Benefits of Translanguaging and Transculturation Exchanges Between International Higher Degree Research Students and English Medium Research Supervisors

  • Minglin LiEmail author
  • Beryl Exley
Part of the Multilingual Education Yearbook book series (MEYB)


Discussions around internationalisation in Higher Degree Research (HDR) supervision have advocated a “deparochialising” (Lingard in Globalisation, Societies and Education 4(2):287–302, 2006, p. 187) of research education for international students via approaches that make use of students’ existing language, culture and theoretical knowledge. Ideas include taking up reflexive and collaborative learning (Ryan in Teachers and Teaching 17(6):631–648, 2011) and HDR supervisors of international students being open to translanguaging (Li & García in Research methods in language and education. Encyclopedia of Language and Education. Springer, Cham, Switzerland, pp. 1–14, 2016) and transculturation practices (Choy, Singh, & Li in Education Sciences, 7(19), 2017). We explore interview data from international HDR students from language backgrounds other than English and some English speaking HDR supervisors working with international HDR students to document their assumptions about translanguaging and transculturation practices. The transcripts reveal these are regular practices for these participants. Both sets of participants agree that translanguaging and transculturation practices (i) enhance the specificity of the communication, (ii) promote the expertise of the HDR student, (iii) provide two-way learning, and (iv) feed into new knowledge generating practices. Translanguaging and transculturation practices are thus more than the reciprocal exchange of ideas; they are new forms of pedagogic processes whereby communicative work changes research processes, practices and systems of knowledge production, transfer, and acquisition that benefit both the HDR student and the HDR supervisor.


Higher Degree Research (HDR) Cross-cultural HDR supervision Translanguaging and transculturation Internationalisation in HDR education 


  1. Baker, C. (2001/2011). Foundations of bilingual education and bilingualism (3rd ed.). Clevedon: Multilingual Matters.Google Scholar
  2. Bhabha, H. (1994). The location of culture. London: Routledge.Google Scholar
  3. Canagarajah, S. (2011). Codemeshing in academic writing: Identifying teachable strategies of translanguaging. The Modern Language Journal, 95(3), 401–417.CrossRefGoogle Scholar
  4. Choy, S., Singh, P., & Li, M. (2017). Trans-cultural, trans-language practices: Potentialities for rethinking doctoral education pedagogies. Education Sciences, 7(19). Scholar
  5. Creese, A., & Blackledge, A. (2010). Translanguaging in the bilingual classroom: A pedagogy for learning and teaching? Modern Language Journal, 94(1), 103–115.Google Scholar
  6. de Bot, K., Lowie, W., & Verspoor, M. (2007). A dynamic systems theory approach to second language acquisition. Bilingualism: Language and Cognition, 10(1), 7–21.CrossRefGoogle Scholar
  7. Dooley, K., Exley, B., & Poulus, D. (2016). Research on critical EFL literacies: An illustrative analysis of some college level programs in Taiwan. English Teaching & Learning, 40(4), 39–64.Google Scholar
  8. Exley, B., Davis, J., & Dooley, K. (2016). Empirical reference points for Bernstein’s model of pedagogic rights: Recontextualising the reconciliation agenda to Australian schooling. In P. Vitale & B. Exley (Eds.), Pedagogic rights and democratic education: Bernsteinian explorations of curriculum, pedagogy and assessment (pp. 33–46). London: Routledge.Google Scholar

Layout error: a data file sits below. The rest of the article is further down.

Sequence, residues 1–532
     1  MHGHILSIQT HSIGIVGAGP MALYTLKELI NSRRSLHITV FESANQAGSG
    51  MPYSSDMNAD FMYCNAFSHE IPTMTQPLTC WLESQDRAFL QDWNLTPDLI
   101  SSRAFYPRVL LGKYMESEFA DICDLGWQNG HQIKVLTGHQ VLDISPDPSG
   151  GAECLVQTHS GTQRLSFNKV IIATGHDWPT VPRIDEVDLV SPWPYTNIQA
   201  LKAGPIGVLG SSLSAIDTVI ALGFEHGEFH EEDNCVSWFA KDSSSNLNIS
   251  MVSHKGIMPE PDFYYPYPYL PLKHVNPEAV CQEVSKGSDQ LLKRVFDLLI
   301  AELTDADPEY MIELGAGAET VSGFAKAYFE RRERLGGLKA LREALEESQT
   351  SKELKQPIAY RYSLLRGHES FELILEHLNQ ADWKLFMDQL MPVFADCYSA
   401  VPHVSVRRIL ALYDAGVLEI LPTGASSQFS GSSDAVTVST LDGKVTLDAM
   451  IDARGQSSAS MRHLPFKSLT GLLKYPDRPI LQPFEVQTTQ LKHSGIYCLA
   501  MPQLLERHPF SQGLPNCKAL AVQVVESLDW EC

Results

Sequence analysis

9. Exley, B., Whatman, S., & Singh, P. (2018). Postcolonial, decolonial research dilemmas: Fieldwork in Australian Indigenous contexts. Qualitative Research, 18(5), 526–537.CrossRefGoogle Scholar
  10. Filipi, A. (2019). Language alternation as an interactional practice in the foreign language classroom. In I. Liyanage & T. Walker (Eds.), Multilingual education yearbook 2019: Media of instruction & multilingual settings (pp. 25–42). New York: Springer.Google Scholar
  11. García, O. (2009). Bilingual education in the 21st century: A global perspective. Malden: Wiley/Blackwell.Google Scholar
  12. García, O. (2014). U.S. Spanish and Education: Global and Local Intersections. Language Policy, Politics, and Diversity in Education: Review of Research in Education, 38(1), 58–80.CrossRefGoogle Scholar
  13. Garcia, O., & Kano, N. (2014). Translanguaging as process and pedagogy: Developing the English writing of Japanese students in the US. In J. Conteh & G. Meier (Eds.), The multilingual turn in languages education: Opportunities and challenges (pp. 258–277). Bristol, UK: Multilingual Matters.CrossRefGoogle Scholar
  14. García, O., & Kleifgen, J. A. (2010). Educating emergent bilinguals: Policies, programs, and practices for English language learners. New York, NY: Teachers College Press.Google Scholar
  15. Gay, L. R., & Airasian, P. (2003). Educational research: Competencies for analysis and applications (7th ed.). Upper Saddle River, New Jersey: Merrill-Prentice Hall.Google Scholar
  16. Grosjean, F. (1982). Life with two languages: An introduction to bilingualism. Cambridge, MA: Harvard University Press.Google Scholar
  17. Johnson, B., & Turner, L. (2003). Data collection strategies in mixed methods research. In A. Tashakkori & C. Teddlie (Eds.), Handbook of mixed methods in social and behavioral research (pp. 297–319). Thousand Oaks, CA: Sage.Google Scholar